What if we just stop having expectations… haha, just kidding… unless?

4. The impact of the fans

FunPlus Phoenix’s Doinb’s wife (Umi) cheering her husband on Day 4.

On Day 5 of the Group stage after FPX beat JT securing their spot out of Groups, Umi, Doinb’s wife, took to Weibo to express her feelings of relief. When one fan told her not to let the angry fans get to her, she replied,

“There’s no need, they can’t hurt me. Regardless if it’s copypastas or if they really want to vent their anger, it’s always better if they curse at me than the team. They still have games left to play.”

Thank you for the translation @iCrystalization.

A live audience is always drastically more different than playing in the middle of the night with no audience besides your friends. These players know it better than anyone else after a year or years of playing in arenas and studios alongside thousands, maybe even millions of viewers online. Every person has once felt the need to impress others, so why is it such a surprise that the fans have such a large impact on the players?

In the arena, through the noise cancellation headsets, the players can still hear the cheers of the audience. SPY, FNC, G2 have all thanked their fans for the home crowd cheering, but what about the booing? If the players can hear the cheers, they can surely hear the boos. G2’s Jankos brought this up in an interview with Travis Gafford (here). He says that the fans should cheer for every play whether or not it’s the team they’re supporting.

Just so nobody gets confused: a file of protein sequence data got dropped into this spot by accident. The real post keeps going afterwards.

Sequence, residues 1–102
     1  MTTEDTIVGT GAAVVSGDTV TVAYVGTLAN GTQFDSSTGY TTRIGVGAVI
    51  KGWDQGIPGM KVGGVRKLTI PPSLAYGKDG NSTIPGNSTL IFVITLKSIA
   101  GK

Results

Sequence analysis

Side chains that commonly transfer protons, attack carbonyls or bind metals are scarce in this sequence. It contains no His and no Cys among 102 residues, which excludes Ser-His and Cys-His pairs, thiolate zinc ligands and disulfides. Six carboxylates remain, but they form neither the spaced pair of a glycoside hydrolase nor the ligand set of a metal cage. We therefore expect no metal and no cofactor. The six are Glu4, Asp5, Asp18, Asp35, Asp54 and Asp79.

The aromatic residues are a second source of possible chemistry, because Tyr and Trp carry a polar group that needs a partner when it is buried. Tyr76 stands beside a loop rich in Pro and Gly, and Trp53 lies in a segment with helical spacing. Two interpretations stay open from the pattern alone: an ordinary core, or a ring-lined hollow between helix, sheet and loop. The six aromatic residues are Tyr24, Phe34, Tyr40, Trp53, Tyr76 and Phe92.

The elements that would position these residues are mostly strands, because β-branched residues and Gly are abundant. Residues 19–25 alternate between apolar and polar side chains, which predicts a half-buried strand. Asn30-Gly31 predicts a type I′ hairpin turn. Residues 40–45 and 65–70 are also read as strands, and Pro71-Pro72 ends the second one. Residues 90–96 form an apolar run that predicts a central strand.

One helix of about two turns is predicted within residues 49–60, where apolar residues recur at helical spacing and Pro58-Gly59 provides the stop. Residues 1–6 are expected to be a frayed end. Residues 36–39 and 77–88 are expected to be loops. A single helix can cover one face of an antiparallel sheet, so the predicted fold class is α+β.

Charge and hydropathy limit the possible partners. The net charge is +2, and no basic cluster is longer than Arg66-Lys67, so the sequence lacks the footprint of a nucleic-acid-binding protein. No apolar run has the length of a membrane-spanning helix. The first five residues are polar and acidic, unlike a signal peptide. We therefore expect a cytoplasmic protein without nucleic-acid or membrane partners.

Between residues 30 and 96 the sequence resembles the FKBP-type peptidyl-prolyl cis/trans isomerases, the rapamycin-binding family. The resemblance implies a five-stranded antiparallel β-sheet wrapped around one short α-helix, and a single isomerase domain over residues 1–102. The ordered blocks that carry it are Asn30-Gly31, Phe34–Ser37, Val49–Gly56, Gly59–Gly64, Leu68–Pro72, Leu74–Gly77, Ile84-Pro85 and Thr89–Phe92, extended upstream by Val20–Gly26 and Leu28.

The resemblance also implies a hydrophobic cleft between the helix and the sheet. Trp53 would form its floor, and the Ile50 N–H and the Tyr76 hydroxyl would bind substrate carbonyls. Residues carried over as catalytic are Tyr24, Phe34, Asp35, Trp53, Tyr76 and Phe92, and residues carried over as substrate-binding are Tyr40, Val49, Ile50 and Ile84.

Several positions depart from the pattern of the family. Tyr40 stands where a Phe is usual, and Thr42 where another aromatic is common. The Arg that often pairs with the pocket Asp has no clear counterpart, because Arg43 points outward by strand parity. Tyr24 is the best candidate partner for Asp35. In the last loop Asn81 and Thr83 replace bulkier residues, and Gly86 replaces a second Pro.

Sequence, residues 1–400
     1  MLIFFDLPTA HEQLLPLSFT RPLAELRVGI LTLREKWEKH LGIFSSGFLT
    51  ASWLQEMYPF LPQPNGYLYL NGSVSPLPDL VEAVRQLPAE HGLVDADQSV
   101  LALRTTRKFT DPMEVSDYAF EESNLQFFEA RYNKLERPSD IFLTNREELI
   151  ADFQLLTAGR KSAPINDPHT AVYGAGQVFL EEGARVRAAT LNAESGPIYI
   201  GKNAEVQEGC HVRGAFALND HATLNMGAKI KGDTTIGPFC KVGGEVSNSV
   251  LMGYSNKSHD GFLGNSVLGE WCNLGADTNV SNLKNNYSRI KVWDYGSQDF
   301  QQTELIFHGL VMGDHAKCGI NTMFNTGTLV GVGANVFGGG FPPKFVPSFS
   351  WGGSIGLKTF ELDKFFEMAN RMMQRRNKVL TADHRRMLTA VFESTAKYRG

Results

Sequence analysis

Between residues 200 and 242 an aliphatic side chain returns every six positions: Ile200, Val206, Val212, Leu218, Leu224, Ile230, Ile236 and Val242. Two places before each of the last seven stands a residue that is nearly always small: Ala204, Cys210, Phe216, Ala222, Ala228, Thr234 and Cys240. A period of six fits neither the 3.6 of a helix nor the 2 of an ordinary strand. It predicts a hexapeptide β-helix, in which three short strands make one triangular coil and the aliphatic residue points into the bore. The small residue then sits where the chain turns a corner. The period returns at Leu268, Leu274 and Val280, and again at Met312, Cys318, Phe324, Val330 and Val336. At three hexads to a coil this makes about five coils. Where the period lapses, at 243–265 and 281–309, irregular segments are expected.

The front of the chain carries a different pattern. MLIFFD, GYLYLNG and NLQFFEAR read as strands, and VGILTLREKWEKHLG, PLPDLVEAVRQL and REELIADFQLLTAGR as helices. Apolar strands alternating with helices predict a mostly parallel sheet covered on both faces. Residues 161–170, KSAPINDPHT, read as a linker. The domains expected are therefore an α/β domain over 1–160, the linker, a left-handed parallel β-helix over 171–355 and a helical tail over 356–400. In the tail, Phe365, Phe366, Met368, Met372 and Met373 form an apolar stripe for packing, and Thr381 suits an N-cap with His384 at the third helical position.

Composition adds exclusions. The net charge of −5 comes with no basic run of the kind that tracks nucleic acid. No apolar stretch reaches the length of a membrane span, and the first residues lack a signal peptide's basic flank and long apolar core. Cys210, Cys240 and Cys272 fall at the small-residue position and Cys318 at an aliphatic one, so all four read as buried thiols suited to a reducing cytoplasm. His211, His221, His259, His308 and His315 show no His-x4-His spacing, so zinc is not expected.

I think you should agree with this too, because the reality is, the main reason you’re here is to watch some good League of Legends.

5. Who will win?

Invictus Gaming’s Rookie eyeing the Summoners’ Cup right after he just put it down.

So I have a prediction tournament going on in my Discord server. Here are the predictions for the quarters: The first two (GRF vs IG and FPX vs FNC) are both equally split between everyone. While for SKT vs SPY, everyone is betting on a 3-0 by SKT. And, DWG vs G2 has only one hopeful person cheering on for DWG. The fact that two of the quarterfinals are so close speaks volumes about how tight the race to win Worlds is.

However, if one looks at this analytically, then LCK is the best region in the world and SKT will probably win. LCK has three of the four first seeds. SKT is literally the winningest team in the world. What could possibly stop them?

Blind faith in your favourite teams. That’s right. If I just believe in IG, they’ll win right?

Jokes aside, you can never guarantee that the team that wins is actually the best team. In best of fives, it is more likely than best of ones for the better team to win. Just remember, the winners are only guaranteed to be the better team on the day, not the better team forever.

Maybe the best team in the world won’t win. Or maybe, because they’re the best team in the world, they will.

~ Clarissa “Cure Lemonade” Tatang